IRG-B: Harnessing Disordered Macromolecular Structures for Living and Soft Matter

Biological systems are structurally disordered and rheologically complex, with architectures ranging from the scales of molecules to tissues, yet they self-assemble and function robustly in a coordinated manner. The field of soft matter science provides a framework for understanding the diverse mechanical and transport properties of living systems, both at the intracellular and extracellular scales. This IRG will use this materials-centric perspective to determine new "Rules of Life" and develop new insights for the control of soft materials, which are inherently multi-component, disordered, and often out of equilibrium. The integration of biology and materials science is reflected in the fields of expertise of the investigators and collaborators (experimentalists and theorists) who form an interactive community at Princeton.

The team will focus on macromolecules that form solutions and gels with key rheological properties that serve as fundamental building blocks of soft and living materials. Biological polymers, such as proteins and nucleic acids, have diverse intracellular (e.g., gene regulation) and extracellular (e.g., biofilm matrices) functions, which are connected to structural features like molecular weight, chain architecture, charge distribution, monomer sequence, and cross-linking. This IRG will bridge materials science and biology to address how macromolecular properties determine and control material functions at two scales of biological organization – the intra- and extracellular levels – and to inspire new materials insights.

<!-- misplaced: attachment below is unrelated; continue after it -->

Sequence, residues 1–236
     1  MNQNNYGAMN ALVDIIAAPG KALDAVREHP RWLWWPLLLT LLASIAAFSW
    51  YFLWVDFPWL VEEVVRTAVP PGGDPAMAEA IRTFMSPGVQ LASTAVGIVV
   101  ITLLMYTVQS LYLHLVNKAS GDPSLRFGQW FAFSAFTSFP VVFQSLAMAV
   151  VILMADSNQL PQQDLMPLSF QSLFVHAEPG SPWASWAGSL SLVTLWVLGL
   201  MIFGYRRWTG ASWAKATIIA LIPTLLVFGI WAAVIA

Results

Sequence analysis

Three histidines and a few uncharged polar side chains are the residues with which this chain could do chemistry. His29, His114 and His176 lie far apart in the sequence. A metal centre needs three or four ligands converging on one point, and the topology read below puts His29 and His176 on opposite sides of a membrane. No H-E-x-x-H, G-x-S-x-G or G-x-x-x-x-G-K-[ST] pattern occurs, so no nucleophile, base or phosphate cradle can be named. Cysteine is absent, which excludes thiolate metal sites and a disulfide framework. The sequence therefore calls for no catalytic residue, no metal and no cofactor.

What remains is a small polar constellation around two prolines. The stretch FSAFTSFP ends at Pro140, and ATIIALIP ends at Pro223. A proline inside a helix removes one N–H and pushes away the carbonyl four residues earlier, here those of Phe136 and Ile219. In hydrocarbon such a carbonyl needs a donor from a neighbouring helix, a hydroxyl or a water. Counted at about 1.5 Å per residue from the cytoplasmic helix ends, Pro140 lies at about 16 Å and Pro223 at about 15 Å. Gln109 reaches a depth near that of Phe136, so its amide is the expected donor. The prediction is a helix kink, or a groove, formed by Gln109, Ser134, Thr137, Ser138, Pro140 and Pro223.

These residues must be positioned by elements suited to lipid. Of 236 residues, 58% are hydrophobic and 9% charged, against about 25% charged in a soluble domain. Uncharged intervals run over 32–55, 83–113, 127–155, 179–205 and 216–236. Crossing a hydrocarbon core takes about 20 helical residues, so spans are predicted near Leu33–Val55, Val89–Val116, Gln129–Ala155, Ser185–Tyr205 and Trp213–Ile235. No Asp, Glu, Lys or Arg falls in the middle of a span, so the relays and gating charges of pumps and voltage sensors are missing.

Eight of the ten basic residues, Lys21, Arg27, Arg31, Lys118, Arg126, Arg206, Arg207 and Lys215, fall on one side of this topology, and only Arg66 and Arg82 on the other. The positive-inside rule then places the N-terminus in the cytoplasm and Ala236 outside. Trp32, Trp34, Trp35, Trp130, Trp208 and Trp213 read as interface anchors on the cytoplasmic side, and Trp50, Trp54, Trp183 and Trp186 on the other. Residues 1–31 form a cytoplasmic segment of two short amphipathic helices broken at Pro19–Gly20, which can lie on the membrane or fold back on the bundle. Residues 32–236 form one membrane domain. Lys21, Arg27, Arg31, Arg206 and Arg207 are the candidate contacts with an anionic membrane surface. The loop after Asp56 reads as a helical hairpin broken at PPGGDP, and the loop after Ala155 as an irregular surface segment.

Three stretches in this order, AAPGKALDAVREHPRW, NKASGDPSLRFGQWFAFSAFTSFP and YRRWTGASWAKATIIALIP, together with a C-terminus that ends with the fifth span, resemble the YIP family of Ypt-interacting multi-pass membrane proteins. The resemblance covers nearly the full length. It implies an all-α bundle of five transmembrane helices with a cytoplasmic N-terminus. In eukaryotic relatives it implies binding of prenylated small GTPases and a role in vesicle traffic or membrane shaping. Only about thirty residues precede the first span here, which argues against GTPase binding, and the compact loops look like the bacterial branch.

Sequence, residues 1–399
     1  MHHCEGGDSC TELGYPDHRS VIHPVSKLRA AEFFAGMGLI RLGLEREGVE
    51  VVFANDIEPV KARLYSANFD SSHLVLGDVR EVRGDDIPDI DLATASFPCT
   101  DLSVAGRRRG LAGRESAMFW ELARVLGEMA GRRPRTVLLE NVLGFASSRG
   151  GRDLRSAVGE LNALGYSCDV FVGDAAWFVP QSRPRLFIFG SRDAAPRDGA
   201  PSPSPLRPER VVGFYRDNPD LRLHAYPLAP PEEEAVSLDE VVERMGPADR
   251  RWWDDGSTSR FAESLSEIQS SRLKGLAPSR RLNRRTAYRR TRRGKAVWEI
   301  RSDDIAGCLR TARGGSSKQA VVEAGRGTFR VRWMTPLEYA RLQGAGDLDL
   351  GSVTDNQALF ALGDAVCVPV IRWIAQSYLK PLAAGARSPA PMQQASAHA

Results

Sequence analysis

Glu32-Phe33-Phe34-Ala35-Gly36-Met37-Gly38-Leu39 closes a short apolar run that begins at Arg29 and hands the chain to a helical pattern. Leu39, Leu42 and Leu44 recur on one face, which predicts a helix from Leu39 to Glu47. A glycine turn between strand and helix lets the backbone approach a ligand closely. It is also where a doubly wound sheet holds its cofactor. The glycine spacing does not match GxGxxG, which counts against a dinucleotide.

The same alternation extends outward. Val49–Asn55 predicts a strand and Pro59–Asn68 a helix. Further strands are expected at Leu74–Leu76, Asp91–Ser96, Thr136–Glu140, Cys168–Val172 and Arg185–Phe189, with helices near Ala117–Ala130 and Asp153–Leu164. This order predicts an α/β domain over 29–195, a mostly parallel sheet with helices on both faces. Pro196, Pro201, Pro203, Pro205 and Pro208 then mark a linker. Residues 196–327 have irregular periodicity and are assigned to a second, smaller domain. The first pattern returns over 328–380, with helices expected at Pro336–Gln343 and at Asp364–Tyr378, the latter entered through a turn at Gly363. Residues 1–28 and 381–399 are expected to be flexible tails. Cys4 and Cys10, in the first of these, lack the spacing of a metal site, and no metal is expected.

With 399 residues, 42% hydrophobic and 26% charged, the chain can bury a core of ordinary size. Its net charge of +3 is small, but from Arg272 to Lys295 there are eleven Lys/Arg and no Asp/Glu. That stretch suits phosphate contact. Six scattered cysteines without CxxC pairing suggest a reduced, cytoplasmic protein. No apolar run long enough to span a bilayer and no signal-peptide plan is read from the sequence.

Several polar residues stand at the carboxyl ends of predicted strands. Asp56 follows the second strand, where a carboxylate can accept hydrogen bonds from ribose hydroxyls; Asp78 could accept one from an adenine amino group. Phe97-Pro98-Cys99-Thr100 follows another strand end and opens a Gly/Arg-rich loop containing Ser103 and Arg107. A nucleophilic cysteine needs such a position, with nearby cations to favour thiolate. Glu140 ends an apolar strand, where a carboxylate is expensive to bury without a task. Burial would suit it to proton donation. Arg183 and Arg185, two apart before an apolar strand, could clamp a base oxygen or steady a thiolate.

The research addresses two key questions: 1) How is the formation of multiple condensed phases controlled in macromolecular solutions containing passive and active components? 2) How do macromolecular gels regulate form and function in multicomponent and active systems? These themes span the common fluid and elastic materials that exist throughout biology and constitute many novel soft materials. The IRG’s combined experimental, computational and theoretical approaches to answer these questions will enable insights into understanding the "Rules of Life" by demonstrating how macromolecules regulate gene expression, aggregation of pathological proteins, cellular transport, and formation of multicellular communities. The IRG will provide materials science insights into how macromolecules can be combined with active components and optogenetic control to design new responsive systems with tunable properties. The IRG’s integration of tools and insights will support the foundation for the emerging field of “living materials science."

Howard Stone (MAE)
Rodney Priestley (CBE)

Senior Investigators
Bonnie Bassler (Mol-Bio)
Clifford Brangwynne (CBE)
Sujit Datta (CBE)
Mikko Haataja (MAE)
Andrej Košmrlj (MAE)
Celeste Nelson (CBE)
Athanassios Panagiotopoulos (CBE)
Richard Register (CBE)

Daniel J. Cohen (MAE)
Danelle Devenport (Mol-Bio)
Zemer Gitai (Mol-Bio)
William M. Jacobs (Chemistry)
Janine Nunes (MAE)
Sabine Petry (Mol-Bio)
Joshua Shaevitz (Physics)
Jared E. Toettcher (Mol-Bio)